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. Protein That Kills Cells May Help Memory

disclaimer: image is for illustration purposes only
by staff writers
Champaign, Ill. (UPI) Dec 20, 2006
U.S. scientists say they've determined a protein known to kill cells also plays an important role in memory formation.

University of Illinois-Champaign researchers say their work exploring how zebra finches learn songs might have implications for treatment of neurodegenerative conditions such as dementia and Alzheimer's disease.

When activated, the enzyme caspase-3 triggers a synaptic process essential for memory storage, according to Graham Huesmann and David Clayton. They say their findings provide "the first direct evidence of a change in the availability of activated caspase-3 in the brain during the process of memory formation."

Caspase-3 is best known for its role in a biochemical cascade that leads to apoptotic cell death. The new findings demonstrate the enzyme acts differently under different conditions, and suggest its regulation in the brain is more complex than previously thought.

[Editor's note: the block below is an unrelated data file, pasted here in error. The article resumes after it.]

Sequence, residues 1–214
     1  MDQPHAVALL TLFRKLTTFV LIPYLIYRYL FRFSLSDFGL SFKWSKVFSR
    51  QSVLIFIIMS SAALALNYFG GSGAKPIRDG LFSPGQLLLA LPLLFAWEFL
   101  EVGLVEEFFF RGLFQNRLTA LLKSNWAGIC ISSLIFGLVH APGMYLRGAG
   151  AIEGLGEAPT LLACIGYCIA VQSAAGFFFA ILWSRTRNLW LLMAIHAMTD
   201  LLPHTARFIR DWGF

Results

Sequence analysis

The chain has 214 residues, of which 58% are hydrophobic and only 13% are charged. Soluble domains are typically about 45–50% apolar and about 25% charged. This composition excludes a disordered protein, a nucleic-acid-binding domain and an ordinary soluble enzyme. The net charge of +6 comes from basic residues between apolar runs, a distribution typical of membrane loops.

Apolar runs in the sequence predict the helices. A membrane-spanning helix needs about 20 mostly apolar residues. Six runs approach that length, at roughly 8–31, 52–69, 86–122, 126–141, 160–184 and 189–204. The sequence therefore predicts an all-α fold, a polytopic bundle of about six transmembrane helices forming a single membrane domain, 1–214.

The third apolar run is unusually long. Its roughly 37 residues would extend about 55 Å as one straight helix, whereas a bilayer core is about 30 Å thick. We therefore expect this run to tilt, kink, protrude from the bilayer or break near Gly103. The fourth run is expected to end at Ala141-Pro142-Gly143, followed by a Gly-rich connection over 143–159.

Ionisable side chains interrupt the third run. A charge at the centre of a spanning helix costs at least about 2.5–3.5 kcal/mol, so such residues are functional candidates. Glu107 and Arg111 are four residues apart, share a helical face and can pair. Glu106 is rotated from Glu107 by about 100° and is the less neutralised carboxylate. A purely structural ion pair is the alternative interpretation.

The research appears in the Dec. 21 issue of the journal Neuron.

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Human-Chimpanzee Difference May Be Bigger
Bloomington IN (SPX) Dec 21, 2006
Approximately 6 percent of human and chimp genes are unique to those species, report scientists from Indiana University Bloomington and three other institutions. The new estimate, reported in the inaugural issue of Public Library of Science ONE (Dec. 2006), takes into account something other measures of genetic difference do not -- the genes that aren't there.

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